13:     public override IEnumerable<Row> Execute(IEnumerable<Row> rows) {
  15:         var blockingCollection = new BlockingCollection<Row>();
  17:         Debug("Creating tasks for {0} operations.", _operations.Count);
  19:         var tasks = _operations.Select(currentOp => Task.Factory.StartNew(() => {
  20:             Trace("Executing {0} operation.", currentOp.Name);
  21:             foreach (var row in currentOp.Execute(null)) {
  22:                 blockingCollection.Add(row);
  23:             }
  24:             blockingCollection.Add(null); // free the consumer thread
  25:         })).ToArray();
  27:         Row r;
  28:         while (true) {
  29:             if (tasks.All(x => x.IsFaulted || x.IsCanceled || x.IsCompleted)) {
  30:                 Debug("All tasks have been canceled, have faulted, or have completed.");
  31:                 break;
  32:             }
  34:             r = blockingCollection.Take();
  35:             if (r == null)
  36:                 continue;
  38:             yield return r;
  40:         }
  42:         while (blockingCollection.TryTake(out r)) {
  43:             if (r == null)
  44:                 continue;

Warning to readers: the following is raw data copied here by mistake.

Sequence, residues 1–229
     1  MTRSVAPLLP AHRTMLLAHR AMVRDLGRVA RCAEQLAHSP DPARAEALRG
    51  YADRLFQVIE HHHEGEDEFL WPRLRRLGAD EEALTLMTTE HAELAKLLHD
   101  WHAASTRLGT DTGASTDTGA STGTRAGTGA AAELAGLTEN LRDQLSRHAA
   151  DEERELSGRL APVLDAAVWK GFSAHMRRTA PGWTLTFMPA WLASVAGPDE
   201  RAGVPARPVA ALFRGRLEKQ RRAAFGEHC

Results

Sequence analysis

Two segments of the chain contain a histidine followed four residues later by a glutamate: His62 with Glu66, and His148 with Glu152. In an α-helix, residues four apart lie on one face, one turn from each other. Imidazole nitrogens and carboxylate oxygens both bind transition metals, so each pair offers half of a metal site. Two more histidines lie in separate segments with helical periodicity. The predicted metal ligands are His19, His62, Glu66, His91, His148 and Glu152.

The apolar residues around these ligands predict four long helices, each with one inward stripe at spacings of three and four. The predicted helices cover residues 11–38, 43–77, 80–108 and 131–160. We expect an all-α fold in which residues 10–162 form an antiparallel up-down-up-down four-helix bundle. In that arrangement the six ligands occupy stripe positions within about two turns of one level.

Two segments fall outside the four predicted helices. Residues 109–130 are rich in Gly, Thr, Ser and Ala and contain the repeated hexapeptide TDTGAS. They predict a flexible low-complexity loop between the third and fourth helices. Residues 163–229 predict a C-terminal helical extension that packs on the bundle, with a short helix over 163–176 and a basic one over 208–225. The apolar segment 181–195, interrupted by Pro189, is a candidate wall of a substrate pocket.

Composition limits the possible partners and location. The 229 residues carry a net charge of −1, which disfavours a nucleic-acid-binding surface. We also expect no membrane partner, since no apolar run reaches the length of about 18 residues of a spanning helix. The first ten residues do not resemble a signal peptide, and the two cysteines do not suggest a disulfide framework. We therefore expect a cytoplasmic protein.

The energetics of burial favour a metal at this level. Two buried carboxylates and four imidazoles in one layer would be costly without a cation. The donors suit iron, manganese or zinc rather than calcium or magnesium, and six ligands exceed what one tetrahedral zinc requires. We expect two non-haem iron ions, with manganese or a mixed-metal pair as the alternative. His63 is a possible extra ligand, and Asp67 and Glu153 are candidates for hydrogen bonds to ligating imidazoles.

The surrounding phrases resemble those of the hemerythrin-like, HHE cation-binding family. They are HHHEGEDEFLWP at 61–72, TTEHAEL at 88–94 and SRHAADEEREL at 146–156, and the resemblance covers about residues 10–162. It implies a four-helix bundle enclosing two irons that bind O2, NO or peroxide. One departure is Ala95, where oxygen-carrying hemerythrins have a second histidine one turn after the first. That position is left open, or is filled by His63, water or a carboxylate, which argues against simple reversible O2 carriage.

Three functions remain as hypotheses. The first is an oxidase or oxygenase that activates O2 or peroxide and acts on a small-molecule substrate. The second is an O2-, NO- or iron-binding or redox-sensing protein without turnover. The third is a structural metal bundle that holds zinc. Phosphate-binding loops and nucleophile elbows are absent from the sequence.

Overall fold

45:             yield return r;
  46:         }
  48:         Task.WaitAll(tasks); // raise any exception that were raised during execption
  50:     }
  52:     /// <summary>
  53:     /// Initializes this instance
  54:     /// </summary>
  55:     /// <param name="pipelineExecuter">The current pipeline executer.</param>
  56:     public override void PrepareForExecution(IPipelineExecuter pipelineExecuter) {
  57:         foreach (var operation in _operations) {
  58:             operation.PrepareForExecution(pipelineExecuter);
  59:         }
  60:     }
  62:     /// <summary>
  63:     /// Add operation parameters
  64:     /// </summary>
  65:     /// <param name="ops">operations delimited by commas</param>
  66:     /// <returns></returns>
  67:     public UnionAllOperation Add(params IOperation[] ops) {
  68:         foreach (var operation in ops) {
  69:             _operations.Add(operation);
  70:         }
  71:         return this;
  72:     }
  74:     /// <summary>
  75:     /// Add operations
  76:     /// </summary>
  77:     /// <param name="ops">an enumerable of operations</param>
  78:     /// <returns></returns>
  79:     public UnionAllOperation Add(IEnumerable<IOperation> ops) {
  80:         _operations.AddRange(ops);
  81:         return this;
  82:     }
  84: }

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Legacy ETL solutions

I am currently working with a customer on some issues that they have with moving to RavenDB, and we run into a set of problems with their (Legacy with a capital L) relational database.

They run into several problems with how to create a good ETL on that, especially with regards to how to detect changes and the tendency of the legacy system to re-use old primary keys.

The solution for both is actually fairly easy. Instead of relying on the primary keys of the legacy system, which can be re-used and creates a ton of trouble down the stream, create your own ids, distinct from the legacy system ids.